China Crypto Hell is Heaven for Korea. Déjà vu of 2017

- China declares war on crypto-currencies
- In 2017 — China rattles, Korea flourishes
- Korean government passes a critical bill
- Dejavu 2017 — Flight to safety from regulatory risk

China declares war on crypto-currencies once again

Following the recent statement by President Xi Jinping, to seize the opportunity to adopt blockchain last month, it’s been reported that the Shanghai head office of the PBOC (People’s Bank of China) has issued a regulatory update about tightening regulatory control over cryptocurrencies and crypto exchanges that allow the Chinese to trade on them. We see this move as a step for the Chinese government to clean up the messy and grey industry before implementing the upcoming law which will be used by Chinese officials to govern their national CBDC (Central Bank Digital Currency).

Following the strict guidelines, ​authorities in Shenzhen have identified a total of 39 exchanges falling foul of China’s cryptocurrency trading ban. Later evidence pointed out that Chinese government shut down 173 exchanges and token issuers. It is reported that the action will focus on three activities:

In 2017 — China rattles, Korea flourishes

In 2017, the Chinese government took steps to crack down on the crypto market after a massive surge in Bitcoin prices and high participation from retail investors.

By limiting Yuan deposit and withdrawals, followed by bans on ICO, IEO, and other measures preventing private funding using cryptocurrencies in September. The government sent a strong message to existing crypto-exchanges, which led to major exchanges closing down and driving major exchanges to take shelter overseas.

At the same time, this move triggered an exodus of Chinese investors in to Korean crypto exchanges, such as Bithumb, as they saw a staggering five times volume surge in 2017. According to Elaine Ramirez of Forbes Magazine, 2017 was the rocket year for South Korea crypto industry, as we witnessed 3 major positive events:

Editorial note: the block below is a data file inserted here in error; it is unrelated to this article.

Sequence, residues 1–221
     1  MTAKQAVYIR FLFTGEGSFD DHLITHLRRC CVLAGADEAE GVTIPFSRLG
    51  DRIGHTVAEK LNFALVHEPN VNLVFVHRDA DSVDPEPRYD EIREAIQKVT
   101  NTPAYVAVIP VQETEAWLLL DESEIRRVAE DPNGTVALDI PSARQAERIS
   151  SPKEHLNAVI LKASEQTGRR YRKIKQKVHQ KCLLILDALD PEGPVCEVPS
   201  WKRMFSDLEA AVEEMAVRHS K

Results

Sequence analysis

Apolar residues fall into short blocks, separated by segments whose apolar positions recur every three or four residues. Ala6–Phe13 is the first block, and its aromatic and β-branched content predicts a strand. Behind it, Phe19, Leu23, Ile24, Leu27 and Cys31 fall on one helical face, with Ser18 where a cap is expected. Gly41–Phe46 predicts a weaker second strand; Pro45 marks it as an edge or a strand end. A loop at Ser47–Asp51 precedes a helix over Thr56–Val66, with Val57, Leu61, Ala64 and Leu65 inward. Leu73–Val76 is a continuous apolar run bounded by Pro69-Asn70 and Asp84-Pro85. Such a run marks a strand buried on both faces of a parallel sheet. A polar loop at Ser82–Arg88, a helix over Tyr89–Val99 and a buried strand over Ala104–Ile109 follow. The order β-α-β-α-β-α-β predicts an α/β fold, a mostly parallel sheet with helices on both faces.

Korean government passes a critical bill

In November 2019, the National Assembly’s Amendment Committee on Parliamentary Affairs passed a legal amendment to the still-in-development Special Financial Transactions Information Act to force virtual asset exchanges to register with the Financial Services Commission (FSC).

While Chinese exchanges are forced to close down, Hanbitco launches its interest service on crypto staking.

The Special Financial Transactions Information Act would ultimately mean that the crypto-related industry will move out of a regulatory gray area and enter the system as regulated financial institutions like banks. “It is expected to be the first step in the development of consumer protection and a stable market,” according to Jae-Jin Kim, secretary general of the Korea Blockchain Association.

With such direction and guidelines by the government, we predict the South Korean crypto industry to flourish and develop into mainstream adoption of cryptocurrencies. This will attract larger foreign and traditional financial institutions’ investments into blockchain industry and crypto exchanges. Igniting a golden age of blockchain and cryptocurrencies in South Korea.

Deja vu 2017? Flight to safety from regulatory risk

Given the backdrop of the current negative business landscape such as the ongoing trade war with the US and uncertainties in Hong Kong, Ga Young Kim of Paxnet News asserted that China is looking to launch CDBC within a year timeframe to compete with the US Dollar as the fiat currency for global trading and investing. Therefore, we foresee the Chinese government’s
crackdown on unlicensed crypto-exchanges to intensify and it will dampen the retail investors’ concerns of their asset’s security. According to the Cointelegraph, 92% of institutional wallets are stored in exchanges. Which leaves the risk of government seizure in wallets, since most of the major Chinese crypto-exchanges are domiciled outside of China, but their development team is still in China, which means the wallets are managed by the development team.

Although it’s hard to say if the rocket year of 2017 will repeat once again in Korea, it’s hard to ignore the facts about the flight to safety by the Chinese retail investors from regulatory risk in China.

We predict that such phenomenon will further escalate in 2020 and lead to a greater exodus of crypto volume from China to Korea as the two governments move in opposite direction of regulating and fostering the blockchain and cryptocurrency industry.

Leading pioneers of Financial Freedom, This is Hanbitco.